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QCGN Calls on Premier Legault to Support English-speaking Community

Montreal – February 15, 2019 – Meeting with Premier François Legault on Friday for the first time since his election in October, the Quebec Community Groups Network called upon the Coalition Avenir Québec government to work in a collaborative environment to ensure a more vital and sustainable future for English-speaking Quebecers. 

In a cordial face-to-face meeting, QCGN representatives told Premier Legault, who is the Minister Responsible for Relations with English-speaking Quebecers, that our community is concerned about the zealous application of the Charter of the French Language, including a demand to remove English signage in hospitals. Members of our diverse community are also deeply troubled over the proposed ban on religious symbols.

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English-rights group says Legault is wrong about Bill 101 and hospitals

An English rights group says Quebec Premier François Legault’s interpretation of how Bill 101 applies to hospitals is wrong and is calling for an immediate meeting with the premier.

On Thursday, Legault defended a regional health authority’s removal of English words from signs at the hospital in Lachute, approximately 60 kilometres northwest of Montreal.

The hospital began covering up English words in December after the Office québécois de la langue française said the hospital was not following Quebec’s language laws. The hospital offers services in English and French.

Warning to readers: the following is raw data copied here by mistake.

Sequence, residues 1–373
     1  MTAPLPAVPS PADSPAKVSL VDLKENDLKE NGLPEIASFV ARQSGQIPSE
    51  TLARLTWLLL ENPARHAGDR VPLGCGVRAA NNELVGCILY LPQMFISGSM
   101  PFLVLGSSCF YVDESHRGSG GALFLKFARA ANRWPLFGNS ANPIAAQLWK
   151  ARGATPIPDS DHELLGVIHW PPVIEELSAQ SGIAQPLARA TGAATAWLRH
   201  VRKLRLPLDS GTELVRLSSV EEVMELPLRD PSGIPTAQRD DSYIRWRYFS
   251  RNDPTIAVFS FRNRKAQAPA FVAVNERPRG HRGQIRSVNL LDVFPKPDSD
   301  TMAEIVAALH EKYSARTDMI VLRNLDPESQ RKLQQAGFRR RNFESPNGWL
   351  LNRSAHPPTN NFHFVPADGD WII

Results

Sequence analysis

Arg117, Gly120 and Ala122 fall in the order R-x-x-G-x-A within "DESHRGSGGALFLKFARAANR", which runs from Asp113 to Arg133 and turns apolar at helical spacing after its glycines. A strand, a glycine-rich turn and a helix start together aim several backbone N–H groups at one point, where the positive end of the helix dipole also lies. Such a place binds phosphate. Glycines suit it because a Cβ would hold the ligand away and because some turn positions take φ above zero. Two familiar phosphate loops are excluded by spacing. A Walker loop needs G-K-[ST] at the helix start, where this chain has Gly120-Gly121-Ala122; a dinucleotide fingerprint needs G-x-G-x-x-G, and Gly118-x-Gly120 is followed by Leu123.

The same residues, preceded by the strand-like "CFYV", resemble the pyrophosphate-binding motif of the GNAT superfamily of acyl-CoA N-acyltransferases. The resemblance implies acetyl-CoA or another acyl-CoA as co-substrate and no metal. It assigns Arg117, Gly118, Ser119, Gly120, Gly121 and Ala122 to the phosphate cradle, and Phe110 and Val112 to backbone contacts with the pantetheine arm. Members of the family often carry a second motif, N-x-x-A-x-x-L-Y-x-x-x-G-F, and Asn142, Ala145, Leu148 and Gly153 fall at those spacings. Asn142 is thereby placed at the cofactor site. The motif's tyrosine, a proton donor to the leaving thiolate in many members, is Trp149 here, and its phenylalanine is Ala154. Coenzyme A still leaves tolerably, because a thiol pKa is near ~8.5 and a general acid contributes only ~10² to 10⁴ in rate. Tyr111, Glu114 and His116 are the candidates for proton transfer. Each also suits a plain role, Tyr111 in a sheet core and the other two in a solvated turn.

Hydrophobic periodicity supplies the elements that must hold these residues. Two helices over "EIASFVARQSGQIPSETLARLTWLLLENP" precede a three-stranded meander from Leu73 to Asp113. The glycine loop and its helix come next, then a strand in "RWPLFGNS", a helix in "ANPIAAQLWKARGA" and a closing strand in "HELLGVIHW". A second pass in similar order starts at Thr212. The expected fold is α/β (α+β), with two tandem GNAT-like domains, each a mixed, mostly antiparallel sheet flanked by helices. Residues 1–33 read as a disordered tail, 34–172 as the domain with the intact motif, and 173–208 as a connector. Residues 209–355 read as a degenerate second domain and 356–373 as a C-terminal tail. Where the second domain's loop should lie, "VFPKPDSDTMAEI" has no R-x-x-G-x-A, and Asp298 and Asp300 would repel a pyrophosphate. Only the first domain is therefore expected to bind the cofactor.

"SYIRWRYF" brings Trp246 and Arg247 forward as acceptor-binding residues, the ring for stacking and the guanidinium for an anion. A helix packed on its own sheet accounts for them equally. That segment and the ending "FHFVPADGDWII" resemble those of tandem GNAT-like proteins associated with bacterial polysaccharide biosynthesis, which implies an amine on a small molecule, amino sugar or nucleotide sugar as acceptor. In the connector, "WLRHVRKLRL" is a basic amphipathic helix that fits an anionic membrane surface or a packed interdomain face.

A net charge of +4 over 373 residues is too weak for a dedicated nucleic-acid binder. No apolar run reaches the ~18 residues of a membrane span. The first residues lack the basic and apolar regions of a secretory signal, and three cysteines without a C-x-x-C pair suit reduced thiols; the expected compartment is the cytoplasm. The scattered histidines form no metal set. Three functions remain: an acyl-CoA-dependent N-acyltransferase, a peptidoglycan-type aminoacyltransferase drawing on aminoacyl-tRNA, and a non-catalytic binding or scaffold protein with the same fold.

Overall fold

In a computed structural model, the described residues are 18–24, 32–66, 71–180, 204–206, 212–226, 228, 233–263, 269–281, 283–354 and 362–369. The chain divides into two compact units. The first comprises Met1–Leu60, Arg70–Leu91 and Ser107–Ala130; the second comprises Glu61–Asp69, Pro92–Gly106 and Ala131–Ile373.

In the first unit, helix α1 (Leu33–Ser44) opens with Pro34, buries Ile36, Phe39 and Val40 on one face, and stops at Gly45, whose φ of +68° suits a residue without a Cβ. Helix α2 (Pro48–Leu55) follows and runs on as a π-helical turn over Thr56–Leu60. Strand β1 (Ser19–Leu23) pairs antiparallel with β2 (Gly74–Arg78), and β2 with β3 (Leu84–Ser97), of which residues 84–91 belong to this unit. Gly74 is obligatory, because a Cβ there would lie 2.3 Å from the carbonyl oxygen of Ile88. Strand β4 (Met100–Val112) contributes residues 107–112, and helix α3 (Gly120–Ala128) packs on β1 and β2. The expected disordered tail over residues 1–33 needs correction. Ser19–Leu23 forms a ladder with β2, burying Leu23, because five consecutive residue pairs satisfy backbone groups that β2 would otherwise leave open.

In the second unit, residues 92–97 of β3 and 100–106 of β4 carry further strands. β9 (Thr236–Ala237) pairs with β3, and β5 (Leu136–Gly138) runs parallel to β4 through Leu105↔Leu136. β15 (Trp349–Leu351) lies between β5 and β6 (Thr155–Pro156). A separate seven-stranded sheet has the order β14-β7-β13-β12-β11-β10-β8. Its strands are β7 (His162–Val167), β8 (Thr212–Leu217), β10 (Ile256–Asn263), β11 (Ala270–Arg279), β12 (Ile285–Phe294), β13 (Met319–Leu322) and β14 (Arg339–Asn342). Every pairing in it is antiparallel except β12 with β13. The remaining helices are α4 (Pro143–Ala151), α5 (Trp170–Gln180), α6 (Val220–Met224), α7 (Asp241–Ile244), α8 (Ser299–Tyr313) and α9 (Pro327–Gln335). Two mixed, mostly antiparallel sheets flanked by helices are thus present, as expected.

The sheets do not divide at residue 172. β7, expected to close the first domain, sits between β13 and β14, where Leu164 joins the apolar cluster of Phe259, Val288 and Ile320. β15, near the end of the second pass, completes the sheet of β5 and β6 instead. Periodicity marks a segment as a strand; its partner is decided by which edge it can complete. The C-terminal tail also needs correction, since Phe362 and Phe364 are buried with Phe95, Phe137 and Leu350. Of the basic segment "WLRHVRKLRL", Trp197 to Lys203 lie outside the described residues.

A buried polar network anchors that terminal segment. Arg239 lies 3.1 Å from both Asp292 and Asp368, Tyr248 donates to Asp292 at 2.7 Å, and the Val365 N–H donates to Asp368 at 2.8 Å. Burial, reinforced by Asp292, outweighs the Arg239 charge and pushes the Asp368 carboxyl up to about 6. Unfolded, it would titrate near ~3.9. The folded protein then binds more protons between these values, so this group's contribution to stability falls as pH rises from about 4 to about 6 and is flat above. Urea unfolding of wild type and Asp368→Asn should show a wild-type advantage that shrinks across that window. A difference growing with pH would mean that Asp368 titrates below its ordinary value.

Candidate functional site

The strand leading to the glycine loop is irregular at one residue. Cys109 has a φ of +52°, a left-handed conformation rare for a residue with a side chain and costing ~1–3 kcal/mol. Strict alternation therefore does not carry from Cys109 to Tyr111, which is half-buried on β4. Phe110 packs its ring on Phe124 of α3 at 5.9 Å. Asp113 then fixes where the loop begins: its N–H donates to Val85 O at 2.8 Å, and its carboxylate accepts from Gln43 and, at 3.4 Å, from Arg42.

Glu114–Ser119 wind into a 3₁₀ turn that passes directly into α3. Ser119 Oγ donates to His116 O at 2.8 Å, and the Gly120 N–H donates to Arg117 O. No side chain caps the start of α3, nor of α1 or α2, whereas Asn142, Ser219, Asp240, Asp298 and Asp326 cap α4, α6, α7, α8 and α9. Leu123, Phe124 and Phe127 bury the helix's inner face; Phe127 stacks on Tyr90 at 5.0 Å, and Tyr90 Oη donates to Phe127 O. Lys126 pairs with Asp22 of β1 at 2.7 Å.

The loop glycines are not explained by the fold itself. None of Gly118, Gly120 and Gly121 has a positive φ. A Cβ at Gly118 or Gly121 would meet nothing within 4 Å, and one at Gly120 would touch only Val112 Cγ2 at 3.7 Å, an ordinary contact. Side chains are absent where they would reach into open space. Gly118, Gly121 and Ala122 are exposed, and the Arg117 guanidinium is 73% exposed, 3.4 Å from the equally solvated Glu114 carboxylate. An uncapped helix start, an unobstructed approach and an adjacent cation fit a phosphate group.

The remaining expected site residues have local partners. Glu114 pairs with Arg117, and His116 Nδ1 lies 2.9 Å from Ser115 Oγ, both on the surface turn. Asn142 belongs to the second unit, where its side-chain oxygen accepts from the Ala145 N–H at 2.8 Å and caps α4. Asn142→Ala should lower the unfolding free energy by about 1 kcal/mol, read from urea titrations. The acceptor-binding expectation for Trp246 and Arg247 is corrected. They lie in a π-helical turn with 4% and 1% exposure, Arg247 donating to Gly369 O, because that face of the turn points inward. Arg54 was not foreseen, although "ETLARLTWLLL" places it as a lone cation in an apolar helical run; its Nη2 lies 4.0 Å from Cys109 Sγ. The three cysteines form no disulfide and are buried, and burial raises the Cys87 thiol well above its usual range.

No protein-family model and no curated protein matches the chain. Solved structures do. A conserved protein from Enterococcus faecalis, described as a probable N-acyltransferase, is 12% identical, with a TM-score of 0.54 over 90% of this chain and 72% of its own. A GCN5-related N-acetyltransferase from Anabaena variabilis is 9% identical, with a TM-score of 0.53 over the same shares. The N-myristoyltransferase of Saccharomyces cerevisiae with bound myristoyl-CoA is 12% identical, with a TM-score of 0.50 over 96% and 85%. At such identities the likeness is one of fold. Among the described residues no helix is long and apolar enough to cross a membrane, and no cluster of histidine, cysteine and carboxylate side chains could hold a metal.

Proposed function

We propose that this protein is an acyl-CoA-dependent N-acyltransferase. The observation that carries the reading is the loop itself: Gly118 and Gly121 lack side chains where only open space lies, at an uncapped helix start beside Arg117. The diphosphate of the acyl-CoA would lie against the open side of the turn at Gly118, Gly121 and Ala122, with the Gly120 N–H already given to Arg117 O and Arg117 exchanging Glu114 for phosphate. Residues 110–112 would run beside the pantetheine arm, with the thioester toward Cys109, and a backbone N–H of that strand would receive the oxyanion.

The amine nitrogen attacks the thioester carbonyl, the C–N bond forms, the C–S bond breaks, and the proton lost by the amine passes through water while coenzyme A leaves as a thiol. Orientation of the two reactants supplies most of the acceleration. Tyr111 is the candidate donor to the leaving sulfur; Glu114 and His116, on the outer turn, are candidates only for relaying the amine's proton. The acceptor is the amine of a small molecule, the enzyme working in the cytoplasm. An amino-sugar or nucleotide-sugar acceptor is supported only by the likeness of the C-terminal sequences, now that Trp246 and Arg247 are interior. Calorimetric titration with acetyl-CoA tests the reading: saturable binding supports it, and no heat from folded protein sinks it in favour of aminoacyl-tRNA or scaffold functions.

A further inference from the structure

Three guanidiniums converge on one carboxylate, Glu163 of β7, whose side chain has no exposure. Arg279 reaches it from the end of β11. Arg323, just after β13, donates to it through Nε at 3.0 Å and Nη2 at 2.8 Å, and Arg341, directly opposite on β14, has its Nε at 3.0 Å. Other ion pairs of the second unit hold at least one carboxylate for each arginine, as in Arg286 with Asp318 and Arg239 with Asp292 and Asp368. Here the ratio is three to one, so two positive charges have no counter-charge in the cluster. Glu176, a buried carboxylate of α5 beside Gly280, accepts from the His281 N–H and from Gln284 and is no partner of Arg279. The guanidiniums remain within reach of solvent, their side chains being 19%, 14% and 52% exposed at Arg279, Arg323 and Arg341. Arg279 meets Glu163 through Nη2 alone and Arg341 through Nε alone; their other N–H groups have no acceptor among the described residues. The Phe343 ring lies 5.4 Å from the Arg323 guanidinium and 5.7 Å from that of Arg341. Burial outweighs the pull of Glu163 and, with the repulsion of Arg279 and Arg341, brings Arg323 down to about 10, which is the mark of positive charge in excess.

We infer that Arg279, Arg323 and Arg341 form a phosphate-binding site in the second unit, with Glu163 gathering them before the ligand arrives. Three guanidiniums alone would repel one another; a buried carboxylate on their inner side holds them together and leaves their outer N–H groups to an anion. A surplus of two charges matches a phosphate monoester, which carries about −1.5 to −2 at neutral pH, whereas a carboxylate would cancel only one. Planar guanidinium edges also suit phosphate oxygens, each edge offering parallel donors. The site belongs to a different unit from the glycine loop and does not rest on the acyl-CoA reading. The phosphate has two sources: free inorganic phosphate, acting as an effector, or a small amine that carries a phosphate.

“I think that we have to follow the law, and they weren’t respecting the law. Bill 101 has to be respected. That’s what we’ll do,” Legault said. “As you know, anglophones will keep on having the right to have services in education and health care, so I don’t see the importance of having bilingual signs.”

But the Quebec Community Group’s Network, which represents 53 English-language community organizations, disagrees.

“It’s senseless to argue that you have access to health and social services in English if you do not know where the services are located,” Geoffrey Chambers, the president of the QCGN said in a release. “Not to have clear signage is an obstacle to services. If you cannot find the service, it is not available to you.”

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CAQ MNA promises action on Lachute hospital signage, walks back comments 17 hours later

Premier François Legault’s point man on relations with English-speaking Quebecers appears to have broken rank on Thursday night, saying he’s working privately to resolve a language dispute at the Lachute hospital.

MNA Christopher Skeete wrote on Twitter that he has been in contact with the health and culture ministers offices and suggested those concerned should “stay tuned.”

“The (premier) is correct that we must respect our laws, but healthcare is a different ball game,” Skeete said.

“Especially in areas like Lachute where we have a 17 per cent English-speaking population.”

Quebec’s language watchdog ordered the hospital last month to remove the English signs that say “emergency” and “parking” around the hospital, prompting outcry from local mayors.

Earlier Thursday, Legault said he would not protect the English signs, explaining that “Bill 101 must be protected.”